Welcome to A Millennial's Dating Diary series, where we explore real-life interactions and the hurdles of dating in Southeast Asia. The series will feature the dating stories and misadventures of Arika – a 26-year-old, straight female marketing manager with a penchant for over drinking — and fellow millennials.
Lately, my partner *Mark, 31 has been making jokes about us moving in together when our leases run out some time next year. Disclaimer: Mark knows that I’m a little wary of things moving too quickly in our relationship, and has been making jokes about moving in together, marriage, and more to annoy me.
Now, while I’m fully aware he’s kidding about us cohabiting — we have, after all, only known each other for six months — I can’t help but think there’s some truth to what he’s saying.
Living with a partner can be amazing. Not only are rent and bills cheaper, the idea of coming home to someone you love, is just plain lovely.
Still, having lived with partners before, I know exactly how messy (and sometimes risky) living together with someone you’re romantically involved with can be.
Take for example my toxic involvement with a guy who was cheating on his girlfriend with me. When his then-girlfriend found out that he had been cheating, she promptly moved out of the home they shared, leaving him to foot the rent, utilities, and more. Eventually, he moved out as well. Looking back, he once blurted out that one of the reasons he was still with his girlfriend was because he needed her help to pay rent.
While living with my ex, *Jack, 28, we would often get into petty fights over chores, and other miscellaneous issues. Soon, living together was taking a toll on the relationship. At the onset of the pandemic, we had no escape from each other. From work stress to mood swings, we were, in some ways, victims to each other’s negative energies. Long walks around our condo became my respite. Often, I’d take about two hours to run “errands” so I could have some time alone.
Jack was also homesick a lot of the time because he could not travel back, and while I sympathised, it was also becoming painful to take on his emotional burden.
Eventually, I suggested he speak to a therapist because the strain was too much.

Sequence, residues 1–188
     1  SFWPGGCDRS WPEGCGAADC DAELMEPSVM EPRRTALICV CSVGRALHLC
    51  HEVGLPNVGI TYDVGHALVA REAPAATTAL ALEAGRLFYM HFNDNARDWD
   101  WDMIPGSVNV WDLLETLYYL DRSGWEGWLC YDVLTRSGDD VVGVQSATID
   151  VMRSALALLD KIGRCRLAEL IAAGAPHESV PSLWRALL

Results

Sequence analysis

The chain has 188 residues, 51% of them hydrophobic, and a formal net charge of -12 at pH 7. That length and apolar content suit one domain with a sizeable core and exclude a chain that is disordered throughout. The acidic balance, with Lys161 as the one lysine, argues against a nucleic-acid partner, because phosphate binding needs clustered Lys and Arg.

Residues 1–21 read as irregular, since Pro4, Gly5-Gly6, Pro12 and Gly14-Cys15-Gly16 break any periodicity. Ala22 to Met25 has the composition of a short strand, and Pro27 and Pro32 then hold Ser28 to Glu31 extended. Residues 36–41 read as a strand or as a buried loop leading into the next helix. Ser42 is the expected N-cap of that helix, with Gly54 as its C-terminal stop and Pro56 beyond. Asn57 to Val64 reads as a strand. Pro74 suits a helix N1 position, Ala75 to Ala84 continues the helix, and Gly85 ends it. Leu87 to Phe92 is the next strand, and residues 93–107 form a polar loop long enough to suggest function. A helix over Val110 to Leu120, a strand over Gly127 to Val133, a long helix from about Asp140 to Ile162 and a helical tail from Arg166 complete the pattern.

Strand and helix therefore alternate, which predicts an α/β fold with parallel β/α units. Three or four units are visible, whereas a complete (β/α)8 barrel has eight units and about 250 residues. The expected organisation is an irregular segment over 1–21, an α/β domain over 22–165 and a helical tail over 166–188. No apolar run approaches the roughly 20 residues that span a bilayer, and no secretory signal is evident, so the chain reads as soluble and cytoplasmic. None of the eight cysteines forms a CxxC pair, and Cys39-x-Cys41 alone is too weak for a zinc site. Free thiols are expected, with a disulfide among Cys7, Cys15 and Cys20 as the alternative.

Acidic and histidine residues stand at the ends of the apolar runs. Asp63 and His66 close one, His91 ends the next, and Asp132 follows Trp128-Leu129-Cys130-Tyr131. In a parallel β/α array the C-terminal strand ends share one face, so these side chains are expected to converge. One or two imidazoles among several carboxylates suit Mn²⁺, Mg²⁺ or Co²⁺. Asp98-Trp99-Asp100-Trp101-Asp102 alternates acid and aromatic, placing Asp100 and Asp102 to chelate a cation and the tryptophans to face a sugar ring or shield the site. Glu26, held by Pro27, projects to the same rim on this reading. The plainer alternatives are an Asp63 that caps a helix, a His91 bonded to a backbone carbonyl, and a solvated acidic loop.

Cohabitation can bring out the worst in people, and I’ve seen it first hand, which makes me anxious about the prospect of moving in with Mark because I don’t want to end up ruining a good thing.
But I also know cohabitation can be great.
“You learn so much about yourselves as a couple. You learn what you can live with, and what you can’t stand,” says my friend *Leanne, 31, who moved in with her boyfriend two months ago. “It’s been great, really. I’ve always wanted to live with a partner and now we’re in each other’s lives so much, I get a glimpse of what married life could be like.”
In fairness, I’m of the opinion that if you can stand seeing each other every day without wanting to throw each other off the balcony of your building, I think living together can be kind of sweet.
Seeing as how Mark and I have not had any major arguments about our habits (touch wood as I write this) despite the fact that we spend about 80 percent of our time together at his apartment, I’m starting to think we could actually make this work.
I know that I’ve gotten so used to sleeping next to Mark that my sleep cycle gets royally messed up when I return to my own flat for a night. It’s gotten so bad that I’ve contemplated coming over to his place at 2am just so I could sleep better. I’m not proud of this.
There’s also something super comforting about waking up to Mark’s face every morning, knowing that I’ll be spending a whole day with him — even if we’re just working from home.
Often, after a night out with my girlfriends, I’m excited to come home to Mark, knowing he’s equally thrilled to see me. It just makes life infinitely better when you know you’re coming home to someone you love.
So, is cohabitating before marriage worth it? With the right person, it just might be.